At that moment, liver function evaluation by Child-Pugh score ascended to C13 while model of end liver disease (MELD) score ascending to 13, so the priority of therapy for patient was transcatheter arterial embolization (TAE) at that time. Unfortunately, his liver and kidney failures emerged despite his consciousness recovered less than 6 h after CPCR. 12 h later after TAE therapy, laparotomy, aiming to better blood-stop and tumor biopsy, was performed by packing dressing installed so as to ntrol declined blood pressure and Hb. Tumor rupture with bleeding was confirmed intraoperative course. Second-look operation was performed in order to remove the packing 3 days later. Unfortunately, the patient died of MOSF and potentential of cerebral hemorrhage 12 days later despite of other remedy therapies applied. HCC was also proved by pathologist. However, the patient's family complained about the inaccurate urgent imaging data as well as their imaging diagnosis, which stirred up controversial whether medical errors existed in rescue course or not. National Comprehensive Cancer Network NCCN), the ruptured HCC in cirrhosis belong to advanced stage. Keeping a clear mind and taking meticulous rescure measures is crucial key to save the patient's life. However, some experts prefer to take excessive actively surgery so as to stop bleeding earlier, by which the vital liver function may be irreversly damaged by repeatedly hit and anesthesia. Computing the patient's life first in any time is strongly recommended rather than precision surgery. Real-time MELD score and Child-Pugh score should be taken into consideration to make reasonable and safe final decision. Theoretically, the ruptured HCC belongs to stage IIIb or IV of AJCC, and the patients with poor liver function in Child-Pugh C will have to face the risk of fatal consequence because of stage D of NCCN.


As we all well known, liver carcinoma in China is closely associated with hepatitis B-related liver cirrhosis. The incidence of spontaneous rupture of tumor or benign mass account for 7~11.2% [1], pushing patients into potential of life-threatening. The mortality rate was up to 32~67% [1]. Child-Pugh score and/or MELD score were recognized as a useful evaluation system to predict the prognosis as well as an indication whether be suitable for surgery or not. The score up, the outcome down. However, the definitive cause for tumor rupture is still unclear despite of various hypotheses including venous hypertension proposed.

TCM is recognized as an effective drug to remove malignant tumor or benign neoplasm by many Chinese. However, sideeffects of herbs should be stressed focus on lessons-learning from this case. In addition, it was not easy to make an accurate diagnosis of tumor rupture at first because the patient's family members concealed some important medical history such as HCC family history deliberately at first. Frankly, the initial unspecific presentations companying with inadequate imaging data as well as elevated leukocyte indeed confused surgeon’s judgement. In authors' opinion, bleeding under liver capsule was recognized as “pseudo rupture” [2], which have no obvious presentations of blood loss due to little fluid accumulated under liver capsule. Only the unburdening abdominal pain was a meaningful “red alert” to predict the upcoming rupture of tumor. Hence, the early diagnosis of HCC in the first 3 h after admission was very difficult to make. It’s impossible to predict the time of HC true rupture because any disease has its own nature course, the protocol of “wait-to-see” shouldn’t be recognized as a medical error, but a wisdom choice if the procedures are in coincidence with guideline of clinical practice.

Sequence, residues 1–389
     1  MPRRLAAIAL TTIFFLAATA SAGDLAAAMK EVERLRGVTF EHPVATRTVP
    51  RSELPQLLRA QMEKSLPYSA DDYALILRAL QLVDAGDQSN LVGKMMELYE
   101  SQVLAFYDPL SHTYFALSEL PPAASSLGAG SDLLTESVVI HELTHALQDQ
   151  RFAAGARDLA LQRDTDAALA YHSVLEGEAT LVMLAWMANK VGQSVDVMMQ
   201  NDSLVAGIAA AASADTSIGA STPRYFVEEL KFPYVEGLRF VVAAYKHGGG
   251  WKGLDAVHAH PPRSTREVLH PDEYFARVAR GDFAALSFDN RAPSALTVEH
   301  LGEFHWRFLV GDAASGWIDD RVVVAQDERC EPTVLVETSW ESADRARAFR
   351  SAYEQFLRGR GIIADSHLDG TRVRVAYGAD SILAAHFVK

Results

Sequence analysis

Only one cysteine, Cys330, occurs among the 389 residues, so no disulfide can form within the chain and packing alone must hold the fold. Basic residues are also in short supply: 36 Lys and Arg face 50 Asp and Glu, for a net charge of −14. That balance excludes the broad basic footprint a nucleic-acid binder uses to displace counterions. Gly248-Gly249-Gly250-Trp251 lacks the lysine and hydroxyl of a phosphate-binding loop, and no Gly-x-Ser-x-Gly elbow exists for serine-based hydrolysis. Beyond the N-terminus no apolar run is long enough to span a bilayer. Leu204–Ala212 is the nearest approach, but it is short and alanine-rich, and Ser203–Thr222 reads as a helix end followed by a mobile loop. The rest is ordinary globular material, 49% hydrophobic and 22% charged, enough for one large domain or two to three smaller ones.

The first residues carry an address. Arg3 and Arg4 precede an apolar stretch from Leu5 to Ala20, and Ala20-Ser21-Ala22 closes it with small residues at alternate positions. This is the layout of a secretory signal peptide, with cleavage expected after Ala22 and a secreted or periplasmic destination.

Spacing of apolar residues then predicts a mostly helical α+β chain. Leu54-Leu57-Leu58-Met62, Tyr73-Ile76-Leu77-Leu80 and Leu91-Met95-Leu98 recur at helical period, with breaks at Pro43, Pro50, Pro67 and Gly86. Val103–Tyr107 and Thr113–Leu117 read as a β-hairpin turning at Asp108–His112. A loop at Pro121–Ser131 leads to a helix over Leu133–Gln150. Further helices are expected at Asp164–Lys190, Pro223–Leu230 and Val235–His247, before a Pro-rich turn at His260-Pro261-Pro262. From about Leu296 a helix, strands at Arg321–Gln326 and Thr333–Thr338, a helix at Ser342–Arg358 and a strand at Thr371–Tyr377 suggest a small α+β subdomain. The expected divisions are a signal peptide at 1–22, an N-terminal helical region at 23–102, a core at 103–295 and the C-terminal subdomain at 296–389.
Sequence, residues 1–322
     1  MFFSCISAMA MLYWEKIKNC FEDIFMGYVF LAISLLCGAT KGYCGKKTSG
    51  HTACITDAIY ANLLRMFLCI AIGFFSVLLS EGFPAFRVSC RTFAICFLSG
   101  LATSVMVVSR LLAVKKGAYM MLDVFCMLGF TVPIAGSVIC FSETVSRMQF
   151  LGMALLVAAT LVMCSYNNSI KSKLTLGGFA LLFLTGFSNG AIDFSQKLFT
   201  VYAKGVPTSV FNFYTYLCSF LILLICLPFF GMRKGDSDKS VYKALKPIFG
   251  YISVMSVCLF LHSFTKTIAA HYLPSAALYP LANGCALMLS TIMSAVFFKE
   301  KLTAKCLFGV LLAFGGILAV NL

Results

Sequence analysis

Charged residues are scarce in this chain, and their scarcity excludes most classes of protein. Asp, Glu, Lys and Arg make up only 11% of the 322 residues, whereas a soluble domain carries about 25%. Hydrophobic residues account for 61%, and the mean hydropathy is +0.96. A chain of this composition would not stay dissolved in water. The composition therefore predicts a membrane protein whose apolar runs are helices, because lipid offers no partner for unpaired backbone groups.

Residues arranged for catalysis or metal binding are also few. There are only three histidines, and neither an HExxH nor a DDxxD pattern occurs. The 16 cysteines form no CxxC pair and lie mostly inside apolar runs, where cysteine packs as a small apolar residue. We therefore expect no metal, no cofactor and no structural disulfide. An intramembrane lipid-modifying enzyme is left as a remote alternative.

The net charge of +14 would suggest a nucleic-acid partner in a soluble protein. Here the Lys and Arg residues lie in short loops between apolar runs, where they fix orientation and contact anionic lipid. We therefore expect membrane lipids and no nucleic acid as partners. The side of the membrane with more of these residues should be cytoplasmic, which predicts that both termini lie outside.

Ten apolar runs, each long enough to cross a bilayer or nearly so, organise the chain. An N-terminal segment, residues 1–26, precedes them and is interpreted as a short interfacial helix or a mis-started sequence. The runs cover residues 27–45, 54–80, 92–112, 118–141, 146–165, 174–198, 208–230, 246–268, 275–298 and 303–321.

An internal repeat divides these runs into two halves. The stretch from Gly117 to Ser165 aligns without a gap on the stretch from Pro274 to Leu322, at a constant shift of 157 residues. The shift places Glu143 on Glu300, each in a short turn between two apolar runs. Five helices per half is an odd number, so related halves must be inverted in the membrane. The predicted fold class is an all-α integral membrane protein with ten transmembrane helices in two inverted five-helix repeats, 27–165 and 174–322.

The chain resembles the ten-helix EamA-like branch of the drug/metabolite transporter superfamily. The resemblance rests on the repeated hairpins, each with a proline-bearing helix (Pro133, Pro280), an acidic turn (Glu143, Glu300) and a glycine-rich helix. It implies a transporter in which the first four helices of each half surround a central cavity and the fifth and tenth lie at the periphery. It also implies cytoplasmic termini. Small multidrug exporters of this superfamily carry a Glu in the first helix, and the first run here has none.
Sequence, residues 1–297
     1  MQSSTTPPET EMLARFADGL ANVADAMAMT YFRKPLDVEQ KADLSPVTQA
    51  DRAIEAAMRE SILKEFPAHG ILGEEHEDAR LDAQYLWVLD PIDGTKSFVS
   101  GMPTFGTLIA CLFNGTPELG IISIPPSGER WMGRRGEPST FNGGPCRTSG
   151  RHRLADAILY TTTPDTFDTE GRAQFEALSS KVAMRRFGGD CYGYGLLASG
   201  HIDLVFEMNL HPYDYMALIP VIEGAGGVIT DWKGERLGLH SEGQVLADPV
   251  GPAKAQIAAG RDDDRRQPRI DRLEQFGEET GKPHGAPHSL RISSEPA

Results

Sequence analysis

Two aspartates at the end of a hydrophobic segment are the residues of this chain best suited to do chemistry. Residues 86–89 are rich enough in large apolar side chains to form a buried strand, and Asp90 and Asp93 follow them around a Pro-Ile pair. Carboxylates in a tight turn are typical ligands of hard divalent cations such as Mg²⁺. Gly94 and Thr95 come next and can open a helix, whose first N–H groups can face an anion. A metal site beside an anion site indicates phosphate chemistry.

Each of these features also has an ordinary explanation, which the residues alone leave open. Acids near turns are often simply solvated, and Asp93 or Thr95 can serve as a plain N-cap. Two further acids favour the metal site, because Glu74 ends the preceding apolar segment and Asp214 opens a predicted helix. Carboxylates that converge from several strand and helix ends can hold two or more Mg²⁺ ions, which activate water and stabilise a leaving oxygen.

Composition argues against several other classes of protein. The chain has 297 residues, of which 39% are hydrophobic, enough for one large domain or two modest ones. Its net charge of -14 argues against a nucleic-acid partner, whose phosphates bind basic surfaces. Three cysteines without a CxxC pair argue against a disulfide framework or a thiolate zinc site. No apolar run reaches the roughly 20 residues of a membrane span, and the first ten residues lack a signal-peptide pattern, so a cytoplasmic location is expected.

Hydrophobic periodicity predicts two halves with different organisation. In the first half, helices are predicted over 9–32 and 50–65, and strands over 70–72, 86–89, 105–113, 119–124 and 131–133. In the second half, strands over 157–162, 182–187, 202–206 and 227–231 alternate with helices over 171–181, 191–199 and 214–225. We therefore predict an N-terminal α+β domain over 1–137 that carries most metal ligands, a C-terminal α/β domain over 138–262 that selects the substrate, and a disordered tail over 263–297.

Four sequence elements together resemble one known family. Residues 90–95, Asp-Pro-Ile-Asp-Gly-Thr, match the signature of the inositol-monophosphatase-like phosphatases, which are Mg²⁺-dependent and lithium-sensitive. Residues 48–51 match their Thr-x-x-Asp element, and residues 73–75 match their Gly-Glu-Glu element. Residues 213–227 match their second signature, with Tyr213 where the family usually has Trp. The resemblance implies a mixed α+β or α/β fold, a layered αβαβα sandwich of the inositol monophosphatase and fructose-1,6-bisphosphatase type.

Of note, there is no direct correlationship between tumor size and severity of hemoperitoneum [3]. According to American Joint Committee on Cancer (AJCC) or

Bleeding and rupture of HCC deeply disrupt the liver function and kidney function. The need for re-evaluating Child-Pugh score at regular interval is essential even if the patient's general condition is stable. For HCC with good liver function (Child-Pugh A-B7), liver resection including tumor or tumor radiofrequency ablation is recommended [3]. Otherwise, on-surgical management including arterial embolization have been confirmed to be more effective and safe in patients with unresectable tumor, worsening functional hepatic reserve or advanced liver disease, etc. [1,4].

There are very interesting facts that the physicians like using Terlipressin to better blood-stop or to improve hepato-renal syndrome [5].But the viewpoints may be wrong unless the stricter indications for Terlipressin application are really in control. Otherwise,it may lead to hypertension, hyponatremia [6], spontaneous visceral ischemia or bleeding [7]. In addition, Terlipressin is not suitable for kidney failure triggered by hypopressure,while Terlipressin should be forbidden according to its instruction and caution notes. Hence, in authors' opinion, Terlipressin is not the top priority compared to its potential risks of fatal consequences.

It's impossible to address the uncertain outcomes of patients with liver cirrhosis. What we need to do is to establish appropriate therapeutic strategies, and if any, to redesign them according to multiple disciplinary team work's suggestion. The nodules in liver cirrhosis are likely transformed to carcinoma, thus, various different imaging examinations including enhanced CT scan of abdomen, liver MRI and contrast enhanced ultrasound are all required [8].

When to perform surgery? According to authors' latest report [2], the key to success is choose a right time and a stricter indication if TAE has been proved to be ineffective.


Some herbs, having property of promoting qi/blood circulation, may induce occult bleeding from nodules or tumor. TAE may be the top priority of liver bleeding in cirrhosis if liver function goes worse. Terlipressin should be in control to avoid potential risk of spontaneous cerebral hemorrhage.

Medical Consent

Written informed consent was obtained from the patient's daughter to publish the case report and any companying images data. We also obtained the qualified consent from ethic committee of our organization to report the uncommon case.